Material implication (rule of inference)
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|Rules of inference|
|Rules of replacement|
In propositional logic, material implication is a valid rule of replacement that allows for a conditional statement to be replaced by a disjunction in which the antecedent is negated. The rule states that P implies Q is logically equivalent to not-P or Q and that either form can replace the other in logical proofs.
The material implication rule may be written in sequent notation:
where is a metalogical symbol meaning that is a syntactic consequence of in some logical system;
or in rule form:
where the rule is that wherever an instance of "" appears on a line of a proof, it can be replaced with "";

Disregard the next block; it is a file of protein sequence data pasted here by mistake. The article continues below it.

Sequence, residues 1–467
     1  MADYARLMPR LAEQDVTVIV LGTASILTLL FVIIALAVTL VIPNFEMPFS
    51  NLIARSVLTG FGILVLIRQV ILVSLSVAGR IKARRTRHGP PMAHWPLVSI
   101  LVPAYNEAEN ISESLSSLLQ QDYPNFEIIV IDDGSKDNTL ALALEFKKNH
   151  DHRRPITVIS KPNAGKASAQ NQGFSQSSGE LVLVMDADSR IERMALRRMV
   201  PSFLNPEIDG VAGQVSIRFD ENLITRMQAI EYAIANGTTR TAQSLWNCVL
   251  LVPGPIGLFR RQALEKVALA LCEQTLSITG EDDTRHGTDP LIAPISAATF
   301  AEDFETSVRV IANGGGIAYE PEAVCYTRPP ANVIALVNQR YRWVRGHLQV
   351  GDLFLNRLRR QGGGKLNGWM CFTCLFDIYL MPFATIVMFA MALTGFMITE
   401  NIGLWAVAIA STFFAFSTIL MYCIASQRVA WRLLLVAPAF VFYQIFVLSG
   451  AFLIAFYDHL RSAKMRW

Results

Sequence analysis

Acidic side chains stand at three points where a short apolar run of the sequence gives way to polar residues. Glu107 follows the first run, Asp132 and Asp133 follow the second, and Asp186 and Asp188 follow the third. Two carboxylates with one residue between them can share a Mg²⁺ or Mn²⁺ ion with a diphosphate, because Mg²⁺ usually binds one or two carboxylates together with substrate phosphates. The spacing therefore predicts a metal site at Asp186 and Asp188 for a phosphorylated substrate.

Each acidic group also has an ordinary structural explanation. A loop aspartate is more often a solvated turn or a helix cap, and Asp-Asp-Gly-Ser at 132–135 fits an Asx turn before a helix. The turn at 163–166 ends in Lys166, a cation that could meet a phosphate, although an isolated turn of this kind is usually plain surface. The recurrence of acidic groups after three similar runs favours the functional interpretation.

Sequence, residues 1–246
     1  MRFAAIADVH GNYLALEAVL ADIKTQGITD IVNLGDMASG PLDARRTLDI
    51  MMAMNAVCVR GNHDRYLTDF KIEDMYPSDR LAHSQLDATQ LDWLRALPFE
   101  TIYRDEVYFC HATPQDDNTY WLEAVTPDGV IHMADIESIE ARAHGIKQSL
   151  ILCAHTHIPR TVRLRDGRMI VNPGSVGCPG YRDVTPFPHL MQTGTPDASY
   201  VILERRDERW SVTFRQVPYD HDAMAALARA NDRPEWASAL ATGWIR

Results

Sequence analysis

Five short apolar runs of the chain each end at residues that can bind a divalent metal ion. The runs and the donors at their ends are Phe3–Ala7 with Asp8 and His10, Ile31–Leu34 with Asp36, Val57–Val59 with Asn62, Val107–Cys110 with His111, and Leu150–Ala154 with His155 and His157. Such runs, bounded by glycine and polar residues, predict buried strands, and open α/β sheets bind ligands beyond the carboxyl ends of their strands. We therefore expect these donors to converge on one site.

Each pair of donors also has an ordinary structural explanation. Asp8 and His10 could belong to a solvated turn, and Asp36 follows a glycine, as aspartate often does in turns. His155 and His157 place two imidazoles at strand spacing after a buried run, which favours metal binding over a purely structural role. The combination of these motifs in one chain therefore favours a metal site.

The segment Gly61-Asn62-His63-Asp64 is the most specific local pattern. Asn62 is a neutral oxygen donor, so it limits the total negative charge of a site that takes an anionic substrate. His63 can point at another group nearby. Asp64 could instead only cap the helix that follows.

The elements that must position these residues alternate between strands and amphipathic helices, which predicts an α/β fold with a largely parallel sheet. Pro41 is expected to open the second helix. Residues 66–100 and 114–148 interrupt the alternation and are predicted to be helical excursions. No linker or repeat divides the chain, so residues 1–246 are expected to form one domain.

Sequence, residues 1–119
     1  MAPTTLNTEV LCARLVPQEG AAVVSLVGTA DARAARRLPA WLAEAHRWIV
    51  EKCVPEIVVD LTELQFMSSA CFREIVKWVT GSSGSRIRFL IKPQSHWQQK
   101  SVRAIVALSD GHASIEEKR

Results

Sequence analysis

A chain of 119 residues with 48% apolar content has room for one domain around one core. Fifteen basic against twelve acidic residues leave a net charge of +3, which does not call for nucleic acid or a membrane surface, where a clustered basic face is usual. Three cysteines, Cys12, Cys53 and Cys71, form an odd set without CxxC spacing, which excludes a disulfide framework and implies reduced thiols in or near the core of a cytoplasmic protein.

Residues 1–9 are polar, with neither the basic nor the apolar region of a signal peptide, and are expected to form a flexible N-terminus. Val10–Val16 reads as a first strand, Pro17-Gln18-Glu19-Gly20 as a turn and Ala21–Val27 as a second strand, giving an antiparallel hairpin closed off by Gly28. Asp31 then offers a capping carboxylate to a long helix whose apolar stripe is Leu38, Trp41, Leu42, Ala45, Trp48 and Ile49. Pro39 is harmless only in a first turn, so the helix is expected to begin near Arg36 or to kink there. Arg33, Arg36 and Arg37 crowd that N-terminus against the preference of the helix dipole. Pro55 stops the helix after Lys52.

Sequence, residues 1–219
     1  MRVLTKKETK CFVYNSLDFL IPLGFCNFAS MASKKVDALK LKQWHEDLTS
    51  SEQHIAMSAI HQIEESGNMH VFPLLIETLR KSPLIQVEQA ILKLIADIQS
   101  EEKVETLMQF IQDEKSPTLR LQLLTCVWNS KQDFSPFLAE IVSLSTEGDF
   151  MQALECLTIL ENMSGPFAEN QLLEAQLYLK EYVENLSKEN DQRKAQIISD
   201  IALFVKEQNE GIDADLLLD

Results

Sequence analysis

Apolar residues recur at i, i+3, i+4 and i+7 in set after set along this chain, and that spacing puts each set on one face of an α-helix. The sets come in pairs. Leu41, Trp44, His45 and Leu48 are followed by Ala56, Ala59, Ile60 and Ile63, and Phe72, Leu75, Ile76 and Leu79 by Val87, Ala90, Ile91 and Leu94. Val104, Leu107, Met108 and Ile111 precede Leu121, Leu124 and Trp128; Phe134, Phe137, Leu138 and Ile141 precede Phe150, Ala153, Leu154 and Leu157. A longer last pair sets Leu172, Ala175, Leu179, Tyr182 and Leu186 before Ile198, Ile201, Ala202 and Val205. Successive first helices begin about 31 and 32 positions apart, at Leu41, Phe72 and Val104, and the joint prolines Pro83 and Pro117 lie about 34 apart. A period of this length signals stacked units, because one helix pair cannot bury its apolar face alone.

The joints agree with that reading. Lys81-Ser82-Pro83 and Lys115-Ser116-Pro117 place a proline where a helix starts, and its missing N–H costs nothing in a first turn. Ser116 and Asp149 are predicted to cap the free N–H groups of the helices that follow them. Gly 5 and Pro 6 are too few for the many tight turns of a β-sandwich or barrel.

where and are propositions expressed in some formal system.
Suppose we are given that . Then, since we have by the law of excluded middle, it follows that .
Suppose, conversely, we are given . Then if P is true that rules out the first disjunct, so we have Q. In short, .
An example is:
- If it is a bear, then it can swim.
- Thus, it is not a bear or it can swim.
where is the statement "it is a bear" and is the statement "it can swim".
If it was found that the bear could not swim, written symbolically as , then both sentences are false but otherwise they are both true.